My grandmother told me to make sure I always looked presentable when I left the house because a person never really knew who they’d run into while they were going about their daily lives. She must have told me that over a decade ago and it stuck, because today I made sure I had perfect hair before I went to the dentist. That sounds a little ridiculous, I know, but I could have easily been killed on the way to the dentist and I wasn’t about to check out with bad hair.

While in the waiting area an elderly man came over and sat next to me. An entire waiting room full of chairs and he sits directly next to me. At first, I was entirely annoyed because not only did I feel my personal space was being violated, but also because I could see him staring at me from the corner of my eye and I couldn’t focus on the book I was trying to read. But after a while I noticed his breathing changed and he had his head down and started sniffling a lot. I knew immediately he was sad because when someone is sad you can feel it, almost like stepping outside and being able to sense an oncoming storm, it emanates from all parts of their body until the room has the same kind of heaviness they’re feeling.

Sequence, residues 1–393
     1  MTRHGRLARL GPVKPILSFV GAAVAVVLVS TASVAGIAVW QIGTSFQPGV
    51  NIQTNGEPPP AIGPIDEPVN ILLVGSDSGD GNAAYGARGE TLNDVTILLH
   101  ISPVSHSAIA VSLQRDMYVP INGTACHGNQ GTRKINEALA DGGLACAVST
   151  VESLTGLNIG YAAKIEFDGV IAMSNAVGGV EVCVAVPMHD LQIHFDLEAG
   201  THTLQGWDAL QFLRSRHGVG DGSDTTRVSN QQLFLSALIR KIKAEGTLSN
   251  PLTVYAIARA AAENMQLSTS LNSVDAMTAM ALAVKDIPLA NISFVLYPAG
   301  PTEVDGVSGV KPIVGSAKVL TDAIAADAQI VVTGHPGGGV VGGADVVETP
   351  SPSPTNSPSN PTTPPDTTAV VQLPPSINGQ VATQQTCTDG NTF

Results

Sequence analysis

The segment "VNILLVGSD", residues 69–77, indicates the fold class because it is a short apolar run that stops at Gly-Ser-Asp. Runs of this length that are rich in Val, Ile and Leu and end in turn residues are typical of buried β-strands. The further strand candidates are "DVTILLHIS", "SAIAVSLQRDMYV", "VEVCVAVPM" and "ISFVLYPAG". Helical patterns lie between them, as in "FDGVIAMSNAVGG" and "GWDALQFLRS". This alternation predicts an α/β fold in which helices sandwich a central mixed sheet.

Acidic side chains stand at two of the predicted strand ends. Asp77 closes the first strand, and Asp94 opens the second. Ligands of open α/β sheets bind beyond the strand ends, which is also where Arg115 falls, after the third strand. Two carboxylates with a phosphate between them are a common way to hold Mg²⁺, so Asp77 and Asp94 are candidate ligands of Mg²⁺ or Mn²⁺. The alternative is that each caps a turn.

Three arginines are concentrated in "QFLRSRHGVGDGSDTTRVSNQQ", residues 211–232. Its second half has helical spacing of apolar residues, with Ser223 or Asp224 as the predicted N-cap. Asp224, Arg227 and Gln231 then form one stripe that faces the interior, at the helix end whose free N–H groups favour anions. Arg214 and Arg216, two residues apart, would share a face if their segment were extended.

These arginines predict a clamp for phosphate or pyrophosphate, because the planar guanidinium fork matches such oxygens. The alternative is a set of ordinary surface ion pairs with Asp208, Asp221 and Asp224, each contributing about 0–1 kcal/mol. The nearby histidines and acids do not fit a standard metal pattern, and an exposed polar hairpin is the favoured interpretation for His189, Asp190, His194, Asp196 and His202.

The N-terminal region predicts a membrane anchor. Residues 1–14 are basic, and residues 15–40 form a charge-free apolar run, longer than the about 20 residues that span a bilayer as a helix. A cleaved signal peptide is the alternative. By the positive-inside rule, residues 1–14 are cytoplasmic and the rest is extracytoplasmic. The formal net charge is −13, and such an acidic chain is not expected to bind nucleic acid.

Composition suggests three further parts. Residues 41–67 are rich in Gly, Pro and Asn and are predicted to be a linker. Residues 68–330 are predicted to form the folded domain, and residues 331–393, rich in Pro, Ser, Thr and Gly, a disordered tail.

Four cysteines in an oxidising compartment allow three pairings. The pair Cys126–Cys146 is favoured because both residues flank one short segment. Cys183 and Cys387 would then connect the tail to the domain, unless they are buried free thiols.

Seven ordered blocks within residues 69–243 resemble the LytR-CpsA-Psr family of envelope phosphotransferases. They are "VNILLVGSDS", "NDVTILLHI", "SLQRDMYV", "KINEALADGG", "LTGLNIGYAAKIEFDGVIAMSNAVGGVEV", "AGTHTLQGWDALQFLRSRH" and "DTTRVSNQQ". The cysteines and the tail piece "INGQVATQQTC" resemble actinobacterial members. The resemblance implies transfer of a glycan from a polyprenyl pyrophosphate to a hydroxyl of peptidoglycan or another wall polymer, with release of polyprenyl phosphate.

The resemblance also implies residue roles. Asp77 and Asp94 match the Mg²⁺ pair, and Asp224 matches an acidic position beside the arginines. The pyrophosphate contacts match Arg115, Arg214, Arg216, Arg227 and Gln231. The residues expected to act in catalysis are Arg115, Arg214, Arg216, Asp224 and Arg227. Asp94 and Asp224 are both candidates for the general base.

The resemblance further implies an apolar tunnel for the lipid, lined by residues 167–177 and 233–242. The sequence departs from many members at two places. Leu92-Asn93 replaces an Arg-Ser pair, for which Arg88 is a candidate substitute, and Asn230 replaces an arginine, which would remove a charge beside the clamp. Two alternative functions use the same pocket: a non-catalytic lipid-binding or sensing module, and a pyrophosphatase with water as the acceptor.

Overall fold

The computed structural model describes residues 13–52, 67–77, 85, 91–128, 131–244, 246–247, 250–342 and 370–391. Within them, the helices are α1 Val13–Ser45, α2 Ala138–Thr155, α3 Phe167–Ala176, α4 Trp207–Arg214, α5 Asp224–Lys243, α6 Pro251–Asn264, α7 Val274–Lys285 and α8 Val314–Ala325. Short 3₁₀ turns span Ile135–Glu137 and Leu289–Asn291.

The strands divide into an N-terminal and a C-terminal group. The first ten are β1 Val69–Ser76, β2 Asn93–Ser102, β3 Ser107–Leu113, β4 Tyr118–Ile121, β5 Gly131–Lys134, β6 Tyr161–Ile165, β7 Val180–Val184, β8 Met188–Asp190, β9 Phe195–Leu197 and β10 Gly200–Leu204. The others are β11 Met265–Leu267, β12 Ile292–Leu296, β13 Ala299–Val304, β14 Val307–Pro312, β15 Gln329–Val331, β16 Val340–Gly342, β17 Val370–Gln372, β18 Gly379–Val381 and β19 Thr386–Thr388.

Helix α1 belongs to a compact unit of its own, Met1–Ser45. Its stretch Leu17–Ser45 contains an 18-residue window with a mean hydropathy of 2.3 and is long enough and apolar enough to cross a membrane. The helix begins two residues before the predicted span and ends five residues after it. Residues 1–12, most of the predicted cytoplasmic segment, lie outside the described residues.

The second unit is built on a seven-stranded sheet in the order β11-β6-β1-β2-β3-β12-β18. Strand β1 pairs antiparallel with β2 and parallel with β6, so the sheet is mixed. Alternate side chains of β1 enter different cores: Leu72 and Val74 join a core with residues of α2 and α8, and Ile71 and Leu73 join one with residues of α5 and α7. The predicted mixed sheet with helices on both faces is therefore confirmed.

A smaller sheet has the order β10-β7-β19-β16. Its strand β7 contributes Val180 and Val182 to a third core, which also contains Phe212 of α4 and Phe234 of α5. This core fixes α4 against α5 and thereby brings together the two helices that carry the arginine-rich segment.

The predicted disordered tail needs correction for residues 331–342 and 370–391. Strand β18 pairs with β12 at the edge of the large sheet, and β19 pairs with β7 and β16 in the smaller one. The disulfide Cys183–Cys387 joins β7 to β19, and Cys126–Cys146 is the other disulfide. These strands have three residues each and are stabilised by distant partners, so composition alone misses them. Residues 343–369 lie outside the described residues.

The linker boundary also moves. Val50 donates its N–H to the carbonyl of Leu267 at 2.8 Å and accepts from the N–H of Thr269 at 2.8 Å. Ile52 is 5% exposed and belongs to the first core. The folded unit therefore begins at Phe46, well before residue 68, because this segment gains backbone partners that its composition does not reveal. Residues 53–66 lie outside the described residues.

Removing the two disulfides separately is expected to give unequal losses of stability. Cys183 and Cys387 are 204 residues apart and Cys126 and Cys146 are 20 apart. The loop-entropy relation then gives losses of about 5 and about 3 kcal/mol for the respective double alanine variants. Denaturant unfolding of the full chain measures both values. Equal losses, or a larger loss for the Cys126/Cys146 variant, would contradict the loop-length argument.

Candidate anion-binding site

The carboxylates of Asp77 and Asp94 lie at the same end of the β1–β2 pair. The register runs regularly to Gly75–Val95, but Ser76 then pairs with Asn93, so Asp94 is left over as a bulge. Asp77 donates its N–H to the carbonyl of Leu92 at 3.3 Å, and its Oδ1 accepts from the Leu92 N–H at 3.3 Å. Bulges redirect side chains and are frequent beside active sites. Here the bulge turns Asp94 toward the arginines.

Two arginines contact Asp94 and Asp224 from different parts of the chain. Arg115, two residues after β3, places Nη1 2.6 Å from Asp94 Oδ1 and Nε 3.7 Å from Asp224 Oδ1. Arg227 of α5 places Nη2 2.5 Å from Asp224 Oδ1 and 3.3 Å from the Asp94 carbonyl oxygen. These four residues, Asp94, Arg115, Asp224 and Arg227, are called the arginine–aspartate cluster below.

He got up and went out into the hallway and when he came back he stood in front of me until I looked up from my book. He apologized for staring and told me his wife was also a redhead and had big waves that would fall over one eye like mine. I told him she sounded like an absolute smoke show. He found that funny and sat back down next to me.

“I’d call her cyclops. I could never see her left eye, so I’d call her cyclops and she’d always stick her tongue out at me.”

He got caught up in the moment and his mind trailed off to that place where you can’t reach people. It’s almost like they leave their bodies momentarily to slip off into a memory or a thought, and although they’re right next to you, they couldn’t be further away. His name was then called and he came back to life. He apologized again and said she’d been gone for so long that he’d forgotten the little things and it overwhelmed him, but it was nice to be reminded and to be comforted by them. Before he walked off he turned and called me cyclops, and I of course stuck my tongue out at him.

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